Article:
This launch of a projected series set in 18th-century England introduces Sir John Fielding--blind, brilliant, compassionate magistrate of London's Bow Street Court--and Jeremy Proctor, the narrator, a penniless, intelligent 13-year-old orphan whom Sir John has taken into his household. Exercising the broad magisterial powers of the era, the judge investigates the death of wealthy Lord Richard Goodhope, who was discovered shot through the head, gun at his feet, behind the locked door of his library. Though the initial finding is suicide, Jeremy notices a clue that points to murder, a conclusion bolstered by the findings of surgeon Gabriel Donnelly. The investigation of Lord Richard's dissolute life, including extramarital affairs and gambling forays (sometimes shared with his Jamaica-based half-brother during his visits to London), seems to lead nowhere until Sir John commands all interested parties to gather at the murder scene, where he engineers a shocking solution to the crime. Lively characters, vivid incidents, clever plotting and a colorful setting make for a robust series kickoff from Alexander, a pseudonymous "well-known author of fiction and nonfiction."
Copyright 1994 Reed Business Information, Inc. --This text refers to an out of print or unavailable edition of this title.
YA?In the rough-and-tumble world of London in 1768, Jeremy, orphaned at the age of 13, is rescued from the streets by Sir John Fielding, a prominent judge who is known for his uncanny ability to dispense justice and ferret out evidence even though he is blind. Jeremy becomes Fielding's errand boy and assistant and helps him investigate the murder of Lord Goodhope, a man with many enemies. The complicated story is told by Jeremy as he remembers the case many years later. Details of the time period are accurate, including the personage of Sir John himself and the formation of the Bow Street Police. The narrator's wit, curiosity, and youthful energy make it easy for YAs to identify with him. However, the cover is drab, which may discourage young people from choosing the novel on their own.?Claudia Moore, W.T. Woodson High School, Fairfax, VA
Copyright 1995 Reed Business Information, Inc. --This text refers to an out of print or unavailable edition of this title.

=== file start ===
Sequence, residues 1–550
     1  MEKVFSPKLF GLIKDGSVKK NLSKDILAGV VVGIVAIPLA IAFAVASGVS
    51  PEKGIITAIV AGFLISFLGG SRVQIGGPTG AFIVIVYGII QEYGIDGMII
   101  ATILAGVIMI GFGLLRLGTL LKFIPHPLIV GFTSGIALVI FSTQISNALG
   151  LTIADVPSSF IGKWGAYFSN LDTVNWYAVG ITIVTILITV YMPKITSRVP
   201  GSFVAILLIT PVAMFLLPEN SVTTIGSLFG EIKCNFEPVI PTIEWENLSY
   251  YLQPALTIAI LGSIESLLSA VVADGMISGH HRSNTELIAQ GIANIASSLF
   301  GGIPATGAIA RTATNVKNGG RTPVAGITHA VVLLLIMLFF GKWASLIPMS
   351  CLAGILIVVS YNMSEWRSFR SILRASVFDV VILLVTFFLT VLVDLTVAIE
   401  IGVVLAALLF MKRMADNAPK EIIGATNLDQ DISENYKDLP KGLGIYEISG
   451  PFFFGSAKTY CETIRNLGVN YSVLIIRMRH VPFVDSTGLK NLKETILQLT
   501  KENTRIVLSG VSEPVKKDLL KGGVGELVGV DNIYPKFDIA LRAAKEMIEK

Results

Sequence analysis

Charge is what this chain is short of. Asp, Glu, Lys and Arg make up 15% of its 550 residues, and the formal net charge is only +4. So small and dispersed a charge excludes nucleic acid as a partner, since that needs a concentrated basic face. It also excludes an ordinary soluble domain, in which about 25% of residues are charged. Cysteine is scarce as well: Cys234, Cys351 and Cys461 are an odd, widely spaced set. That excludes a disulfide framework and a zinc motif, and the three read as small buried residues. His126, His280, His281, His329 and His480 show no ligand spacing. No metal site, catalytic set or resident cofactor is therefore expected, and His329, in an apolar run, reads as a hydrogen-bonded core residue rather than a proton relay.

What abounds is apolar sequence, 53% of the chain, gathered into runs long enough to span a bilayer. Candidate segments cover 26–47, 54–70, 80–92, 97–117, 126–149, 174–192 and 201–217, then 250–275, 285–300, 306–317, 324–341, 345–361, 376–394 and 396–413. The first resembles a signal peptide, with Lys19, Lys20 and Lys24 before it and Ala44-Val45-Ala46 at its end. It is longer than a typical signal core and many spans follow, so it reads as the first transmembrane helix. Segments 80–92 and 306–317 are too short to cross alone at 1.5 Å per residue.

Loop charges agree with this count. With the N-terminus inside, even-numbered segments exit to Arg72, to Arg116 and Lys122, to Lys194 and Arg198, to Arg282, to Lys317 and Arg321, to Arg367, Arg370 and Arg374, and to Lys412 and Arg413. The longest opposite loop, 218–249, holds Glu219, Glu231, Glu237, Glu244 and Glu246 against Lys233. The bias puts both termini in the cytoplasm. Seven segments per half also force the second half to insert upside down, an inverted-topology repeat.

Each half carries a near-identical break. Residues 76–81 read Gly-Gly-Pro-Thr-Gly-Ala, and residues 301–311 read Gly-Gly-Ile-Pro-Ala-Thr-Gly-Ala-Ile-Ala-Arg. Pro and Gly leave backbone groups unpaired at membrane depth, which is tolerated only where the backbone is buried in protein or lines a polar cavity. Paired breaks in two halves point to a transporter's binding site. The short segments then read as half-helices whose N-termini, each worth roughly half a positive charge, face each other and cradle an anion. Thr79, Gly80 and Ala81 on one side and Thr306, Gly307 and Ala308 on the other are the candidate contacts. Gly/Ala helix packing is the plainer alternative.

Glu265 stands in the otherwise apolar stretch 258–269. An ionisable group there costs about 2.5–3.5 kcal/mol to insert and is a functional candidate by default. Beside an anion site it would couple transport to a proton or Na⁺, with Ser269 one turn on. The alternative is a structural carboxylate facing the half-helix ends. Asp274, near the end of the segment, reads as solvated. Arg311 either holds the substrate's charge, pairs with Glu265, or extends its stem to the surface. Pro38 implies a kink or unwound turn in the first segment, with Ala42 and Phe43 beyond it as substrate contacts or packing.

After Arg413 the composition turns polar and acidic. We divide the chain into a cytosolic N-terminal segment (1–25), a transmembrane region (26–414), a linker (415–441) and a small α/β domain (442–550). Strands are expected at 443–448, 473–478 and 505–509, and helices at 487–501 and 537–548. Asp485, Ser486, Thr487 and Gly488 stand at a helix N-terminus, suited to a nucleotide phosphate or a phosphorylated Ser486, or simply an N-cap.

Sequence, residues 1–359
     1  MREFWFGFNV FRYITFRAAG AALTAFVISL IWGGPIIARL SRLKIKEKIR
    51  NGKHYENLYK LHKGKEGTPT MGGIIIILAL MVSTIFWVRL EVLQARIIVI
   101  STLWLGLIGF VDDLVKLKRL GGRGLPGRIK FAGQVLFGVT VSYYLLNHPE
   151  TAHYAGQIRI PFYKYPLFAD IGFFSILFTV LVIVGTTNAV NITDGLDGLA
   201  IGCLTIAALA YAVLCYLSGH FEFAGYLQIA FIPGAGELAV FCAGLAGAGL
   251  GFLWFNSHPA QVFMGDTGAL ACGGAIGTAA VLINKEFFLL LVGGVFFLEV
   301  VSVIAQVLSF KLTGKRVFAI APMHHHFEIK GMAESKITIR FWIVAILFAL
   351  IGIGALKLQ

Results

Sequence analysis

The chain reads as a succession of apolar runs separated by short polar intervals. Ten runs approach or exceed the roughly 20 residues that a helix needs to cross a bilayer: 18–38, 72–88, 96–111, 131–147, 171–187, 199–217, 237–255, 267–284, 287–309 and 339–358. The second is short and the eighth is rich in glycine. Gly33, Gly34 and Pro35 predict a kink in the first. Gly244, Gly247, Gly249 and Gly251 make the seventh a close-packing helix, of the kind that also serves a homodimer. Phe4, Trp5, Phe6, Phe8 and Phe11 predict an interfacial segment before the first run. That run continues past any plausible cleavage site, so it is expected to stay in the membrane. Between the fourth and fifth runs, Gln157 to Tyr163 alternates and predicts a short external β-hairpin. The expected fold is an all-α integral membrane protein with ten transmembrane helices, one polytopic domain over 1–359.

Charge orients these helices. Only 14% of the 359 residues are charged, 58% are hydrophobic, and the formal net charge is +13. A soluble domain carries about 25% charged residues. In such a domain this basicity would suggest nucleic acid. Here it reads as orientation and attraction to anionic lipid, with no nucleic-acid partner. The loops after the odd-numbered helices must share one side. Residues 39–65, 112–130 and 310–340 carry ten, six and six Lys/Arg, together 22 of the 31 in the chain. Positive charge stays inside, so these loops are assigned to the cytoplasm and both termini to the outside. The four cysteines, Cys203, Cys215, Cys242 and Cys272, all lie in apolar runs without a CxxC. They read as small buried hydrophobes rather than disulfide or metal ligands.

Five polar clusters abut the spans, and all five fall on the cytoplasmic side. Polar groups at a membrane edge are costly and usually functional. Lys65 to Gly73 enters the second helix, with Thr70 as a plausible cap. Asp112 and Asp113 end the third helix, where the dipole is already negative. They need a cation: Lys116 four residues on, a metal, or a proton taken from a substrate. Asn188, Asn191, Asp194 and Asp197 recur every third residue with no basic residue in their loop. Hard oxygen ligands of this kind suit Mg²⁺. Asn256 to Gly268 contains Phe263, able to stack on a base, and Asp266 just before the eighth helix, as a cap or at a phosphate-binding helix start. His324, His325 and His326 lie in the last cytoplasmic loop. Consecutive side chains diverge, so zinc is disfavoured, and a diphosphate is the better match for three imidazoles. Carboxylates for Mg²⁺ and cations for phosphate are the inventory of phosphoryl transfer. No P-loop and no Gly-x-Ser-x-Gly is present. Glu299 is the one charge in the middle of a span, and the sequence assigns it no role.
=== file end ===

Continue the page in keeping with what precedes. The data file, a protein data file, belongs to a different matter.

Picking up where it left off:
Much of the plot is told in the brief synopsis of the book, and in other reviews, so there is no need to go into this here. Read morePublished on June 5 2011 by Dave and Joe
Bruce Alexander's(psuedonym of the late Bruce Cook) "Blind Justice" read in some ways like a Golden Age mystery, with characters that are not as they seem, and a very... Read morePublished on July 9 2004 by Peter LaPrade
Good fun historical fiction mystery. Not as weighty as Follet's Pillars of the Earth, but doesn't need to be. Read morePublished on Feb. 12 2004 by "rmmcid"
Bruce Alexander kicks off his mystery series about 18th century London magistrate Sir John Fielding with this 1994 novel. Read morePublished on Feb. 28 2003 by Richard R
I was given this book as a present by a good friend, who had not read Bruce Alexander's books herself, but had had them highly recommended. Read morePublished on Aug. 27 2002
This is really a good book. I've read all the books in the series but this one is still my favorite. Read morePublished on Sept. 24 2001 by C. Upthegrove
I am actually reading the fifth book in this series. I felt the need to come back and write about the first book. I read about this book but never picked it up until much later on. Read morePublished on Aug. 28 2001 by Brian Siegel
First off I have to admit I really like books written in the style of period fiction. Since I don't own a time machine this is a close as I'll get to visiting London during the... Read morePublished on Jan. 24 2001 by C. Upthegrove